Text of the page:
Joëlle smiled at her, and I followed her gaze. Several meters away, docked on the floor of the hangar was a black gunship. It looked large enough for ten or so people to stay in, but no larger than necessary. It was rounded and smooth on the top, with two bulky wings on either side of the cockpit, which was front and center. Shallow fins traced the top of the ship like a spine. The windshield was wide and lined with a vibrant red colour, matching the detailing on the rest of the ship, which was otherwise black. The sunlight glinted off the hexagonal grid texture of the hull. Four large weapons of some kind stuck out from the front, two on either side.

Yeah,” said Joëlle, “It’s my ship. She’s called the Firebrand.”

So, I take it you’re a good pilot?” I asked.

Yes, I was the designated pilot for my team.” She frowned. “We all flew in this ship, when it made sense for us to, anyway. It’s a home away from home.”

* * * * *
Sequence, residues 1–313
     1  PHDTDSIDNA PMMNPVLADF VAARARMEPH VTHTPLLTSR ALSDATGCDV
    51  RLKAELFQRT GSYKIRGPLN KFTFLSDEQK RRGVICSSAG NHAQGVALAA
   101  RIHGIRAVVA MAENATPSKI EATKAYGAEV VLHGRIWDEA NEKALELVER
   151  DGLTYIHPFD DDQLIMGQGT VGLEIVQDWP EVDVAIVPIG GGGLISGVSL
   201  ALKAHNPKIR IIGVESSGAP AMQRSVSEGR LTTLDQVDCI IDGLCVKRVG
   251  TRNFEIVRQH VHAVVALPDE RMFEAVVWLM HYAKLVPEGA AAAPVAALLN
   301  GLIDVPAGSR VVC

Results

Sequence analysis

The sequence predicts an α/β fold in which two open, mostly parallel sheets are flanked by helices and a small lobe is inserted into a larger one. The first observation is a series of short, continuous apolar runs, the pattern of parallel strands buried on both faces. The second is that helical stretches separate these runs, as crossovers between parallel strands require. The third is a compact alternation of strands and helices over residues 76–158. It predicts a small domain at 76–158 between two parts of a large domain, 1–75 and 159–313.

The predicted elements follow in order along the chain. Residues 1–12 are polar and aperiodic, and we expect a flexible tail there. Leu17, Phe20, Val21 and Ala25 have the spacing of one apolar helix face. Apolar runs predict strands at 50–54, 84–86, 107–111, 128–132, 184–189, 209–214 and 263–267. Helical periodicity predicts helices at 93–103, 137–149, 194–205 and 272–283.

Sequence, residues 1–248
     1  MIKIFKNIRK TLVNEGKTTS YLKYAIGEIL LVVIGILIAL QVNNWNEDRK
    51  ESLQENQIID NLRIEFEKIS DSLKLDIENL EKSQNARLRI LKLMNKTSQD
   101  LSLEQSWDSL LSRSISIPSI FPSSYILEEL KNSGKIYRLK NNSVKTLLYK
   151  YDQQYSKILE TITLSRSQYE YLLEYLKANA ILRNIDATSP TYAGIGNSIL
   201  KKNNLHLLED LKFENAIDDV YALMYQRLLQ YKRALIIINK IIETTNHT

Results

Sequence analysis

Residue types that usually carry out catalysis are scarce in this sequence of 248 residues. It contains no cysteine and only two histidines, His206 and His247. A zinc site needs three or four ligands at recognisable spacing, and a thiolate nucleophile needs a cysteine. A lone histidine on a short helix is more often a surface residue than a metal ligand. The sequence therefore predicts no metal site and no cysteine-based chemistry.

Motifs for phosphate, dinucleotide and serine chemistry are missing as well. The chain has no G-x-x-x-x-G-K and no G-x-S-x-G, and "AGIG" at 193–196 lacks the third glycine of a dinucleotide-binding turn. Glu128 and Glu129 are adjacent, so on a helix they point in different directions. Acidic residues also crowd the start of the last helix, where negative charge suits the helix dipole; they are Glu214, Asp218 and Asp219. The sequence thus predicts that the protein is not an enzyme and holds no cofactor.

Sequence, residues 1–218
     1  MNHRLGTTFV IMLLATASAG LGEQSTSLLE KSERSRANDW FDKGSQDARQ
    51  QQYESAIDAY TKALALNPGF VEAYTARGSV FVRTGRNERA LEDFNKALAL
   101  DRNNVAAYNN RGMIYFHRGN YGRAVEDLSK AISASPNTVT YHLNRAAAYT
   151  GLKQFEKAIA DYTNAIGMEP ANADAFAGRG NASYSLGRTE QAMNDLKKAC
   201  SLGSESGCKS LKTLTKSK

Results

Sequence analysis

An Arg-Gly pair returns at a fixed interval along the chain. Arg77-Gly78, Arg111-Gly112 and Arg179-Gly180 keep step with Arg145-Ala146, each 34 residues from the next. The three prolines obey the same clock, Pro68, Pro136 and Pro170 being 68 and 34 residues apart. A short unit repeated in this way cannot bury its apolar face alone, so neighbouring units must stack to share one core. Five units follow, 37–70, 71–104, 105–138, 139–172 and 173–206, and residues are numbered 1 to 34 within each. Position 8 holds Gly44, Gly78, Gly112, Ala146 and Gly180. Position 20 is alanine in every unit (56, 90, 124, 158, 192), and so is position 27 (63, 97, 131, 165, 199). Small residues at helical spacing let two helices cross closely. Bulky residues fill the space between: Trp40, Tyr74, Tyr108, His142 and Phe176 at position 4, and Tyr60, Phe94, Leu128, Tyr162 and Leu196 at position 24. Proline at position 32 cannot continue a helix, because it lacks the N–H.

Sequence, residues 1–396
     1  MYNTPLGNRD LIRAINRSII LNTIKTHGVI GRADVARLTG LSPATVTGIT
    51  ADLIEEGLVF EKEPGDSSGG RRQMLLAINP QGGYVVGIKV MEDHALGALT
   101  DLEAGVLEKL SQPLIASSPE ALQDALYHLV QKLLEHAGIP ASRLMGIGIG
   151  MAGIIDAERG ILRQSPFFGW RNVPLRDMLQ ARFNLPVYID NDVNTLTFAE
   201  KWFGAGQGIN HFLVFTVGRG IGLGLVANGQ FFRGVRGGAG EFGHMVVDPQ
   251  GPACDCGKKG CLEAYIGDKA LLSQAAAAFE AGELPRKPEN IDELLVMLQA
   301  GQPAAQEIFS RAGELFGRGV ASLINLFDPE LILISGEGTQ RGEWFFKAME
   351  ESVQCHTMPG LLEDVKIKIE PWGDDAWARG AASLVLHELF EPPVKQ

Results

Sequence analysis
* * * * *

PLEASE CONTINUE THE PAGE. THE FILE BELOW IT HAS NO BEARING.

If I’m not mistaken, that’s a Ranger-Class gunship, correct?” said Jonathan, his eyes flashing between us. “An all-purpose vehicle… fast, agile, resilient, and with decent storage.” He grinned. “A triple-redundant Tetryon-generator for energy; multiple bunk beds… a spacious interior with ample head-room. Oh, and it’s got a dedicated kitchen, doesn’t it? With cupboards and everything? Perfect for running away in, and living amongst the stars.”

Joëlle nodded, her lips spreading slowly to a smile. “That’s all true. Where’d you learn all that? Were you thinking of getting one yourself?”

I was considering it, actually,” he said. “Some time ago.”

Joëlle flicked some stray locks of hair from her eyes with a twist of her head, and smiled. “Well you’ve got good taste, Mr. Wellsworth.”

Jonathan’s cheeks flushed a little. “The colour palette absolutely agrees with me; that must have been custom painted. I think you’re the one with excellent taste.”

Joëlle smiled, and lowered her head slightly. I thought I could see some red in her cheeks as well. K stared at them impatiently.

Jonathan continued. “Well, I’d like to get shown inside, take a look at the scanners. I’m eager to see what I can do with them.” His lip twitched into a half smile, and Joëlle led us inside.

The ship was well lit on the inside, with multiple rooms and beds. The ceiling was, thankfully, around nine feet tall, giving me ample room to stand up straight. There were several rooms and amenities. Despite being a gunship, it was also designed for long excursions into space. It was clearly a multipurpose vessel.